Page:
He has received several scientific awards, including the Clemson Award from the Society for Biomaterials, USA (2005), the Founder’s Award from the Controlled Release Society (2008), Humboldt Research Award from Alexander von Humboldt Foundation (2012), and Leo Esaki Prize (2012).

He has been elected as a Foreign Member of the US National Academy of Engineering (NAE) since 2017. His current major research interests include supramolecular materials for nanobiotechnology, focusing on drug and gene delivery systems.

About The Author

Shigehito OSAWA received a bachelor degree in 2011 from Department of Material Engineering, The University of Tokyo, a master degree in 2013 from Department of Material Engineering, Graduate School of Engineering, the University of Tokyo, and received a PhD degree in 2016 from Department of Material Engineering, Graduate School of Engineering, the University of Tokyo with a study on thermoresponsive poly(2-oxazoline)-based polymeric micelle loading nucleic acid, under the supervision of Professor Kazunori Kataoka. After receiving his PhD, he has been involved in the laboratory of Professor Kazunori Kataoka at Innovation Center of NanoMedicine (iCONM), Institute of Industry Promotion-Kawasaki as a research scientist.

His research interest involves design and synthesis of stimuli-responsive polymers and development of drug and nucleic acid delivery system based on the stimuli-responsive polymers.

About The Author

Kensuke OSADA received a bachelor degree at 1997 and a master degree at 1999 from the Department of Organic and Polymeric Materials, Tokyo Institute Technology, and received a PhD degree at 2002 with a study on morphology of polyester chain in liquid crystalline phase, under the supervision of Professor Junji Watanabe. He received JSPS DC1 fellowship during the PhD course from 1999 to 2002. After finishing his PhD, he worked in the laboratory of Professor Kazunori Kataoka at the Department of Materials Engineering, The University of Tokyo as a JSPS postdoctoral researcher. He promoted his position to Assistant Professor in 2004 and to Associate Professor in 2006.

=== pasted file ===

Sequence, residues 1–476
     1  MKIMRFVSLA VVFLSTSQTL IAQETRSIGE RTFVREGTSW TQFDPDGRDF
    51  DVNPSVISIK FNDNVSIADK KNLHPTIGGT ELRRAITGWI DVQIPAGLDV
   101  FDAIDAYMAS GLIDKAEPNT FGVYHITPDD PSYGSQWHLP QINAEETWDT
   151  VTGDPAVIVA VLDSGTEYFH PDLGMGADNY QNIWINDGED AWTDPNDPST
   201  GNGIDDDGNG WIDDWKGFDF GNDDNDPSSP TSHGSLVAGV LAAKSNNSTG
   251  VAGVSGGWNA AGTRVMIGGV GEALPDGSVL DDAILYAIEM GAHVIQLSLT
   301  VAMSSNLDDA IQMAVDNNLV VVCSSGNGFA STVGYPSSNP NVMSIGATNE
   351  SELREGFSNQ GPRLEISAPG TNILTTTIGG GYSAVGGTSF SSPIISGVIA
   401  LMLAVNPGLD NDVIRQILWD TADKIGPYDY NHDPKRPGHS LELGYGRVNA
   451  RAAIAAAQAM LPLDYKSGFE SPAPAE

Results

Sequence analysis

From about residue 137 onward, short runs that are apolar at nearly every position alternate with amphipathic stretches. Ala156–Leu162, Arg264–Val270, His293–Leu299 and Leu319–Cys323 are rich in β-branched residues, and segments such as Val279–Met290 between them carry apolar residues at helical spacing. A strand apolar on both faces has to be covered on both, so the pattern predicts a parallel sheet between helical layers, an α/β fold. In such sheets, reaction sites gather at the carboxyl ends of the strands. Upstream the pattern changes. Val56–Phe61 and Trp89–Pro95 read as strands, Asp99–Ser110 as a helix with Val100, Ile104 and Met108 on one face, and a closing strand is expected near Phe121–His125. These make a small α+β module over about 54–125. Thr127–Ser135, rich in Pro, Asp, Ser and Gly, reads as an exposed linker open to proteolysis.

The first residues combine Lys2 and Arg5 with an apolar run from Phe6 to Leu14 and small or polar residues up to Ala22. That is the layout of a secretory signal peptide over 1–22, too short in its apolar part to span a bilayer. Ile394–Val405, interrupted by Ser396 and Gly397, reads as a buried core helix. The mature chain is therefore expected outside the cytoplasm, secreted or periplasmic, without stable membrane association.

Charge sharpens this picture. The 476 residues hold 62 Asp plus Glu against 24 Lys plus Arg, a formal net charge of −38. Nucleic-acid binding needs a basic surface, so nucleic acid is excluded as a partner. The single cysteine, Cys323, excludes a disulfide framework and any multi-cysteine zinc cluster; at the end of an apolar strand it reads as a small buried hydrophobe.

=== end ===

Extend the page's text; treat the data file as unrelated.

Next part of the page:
From 2012, he was selected as JST-PRESTO Researcher. During his job history, he committed to education programs of the Nano-Bioengineering Education Program, Center for Medical System Innovation, and Graduate Program for Leaders in Life Innovation. His research interest involves development of drug and nucleic acid delivery system based on polymer assembly.

Journal Reference

Shigehito Osawa1, 2, Takehiko Ishii3, Hiroyasu Takemoto4, Kensuke Osada5, 6 , Kazunori Kataoka1, 2, 6 7. A Facile Amino-Functionalization of Poly(2-oxazoline)s’ Distal End Through Sequential Azido End-Capping and Staudinger Reactions, European Polymer Journal (2017) 88, 553-561.

 

Show Affiliations

1 Innovation Center of NanoMedicine (iCONM), Kawasaki Institute of Industrial Promotion, 3-25-14, Tonomachi, Kawasaki-ku, Kawasaki 210-0821, Japan

2 Department of Materials Engineering, Graduate School of Engineering, The University of Tokyo, 7-3-1 Hongo, Bunkyo, Tokyo 113-8656, Japan

3 Department of Bioengineering, Graduate School of Engineering, The University of Tokyo, 7-3-1 Hongo, Bunkyo, Tokyo 113-8656, Japan

4 Laboratory for Chemistry and Life Science, Institute of Innovation Research, Tokyo Institute of Technology, R1-11, 4259 Nagatsuka, Midori-ku, Yokohama 226-8503, Japan

5 Japan Science and Technology Agency, PRESTO, 4-1-8 Motomachi, Kawaguchi, Saitama 332-0012, Japan

6 Division of Clinical Biotechnology, Center for Disease Biology and Integrative Medicine, Graduate School of Medicine, The University of Tokyo, 7-3-1 Hongo, Bunkyo, Tokyo 113-0033, Japan

7 Policy Alternatives Research Institute, The University of Tokyo, 7-3-1 Hongo, Bunkyo, Tokyo 113-0033, Japan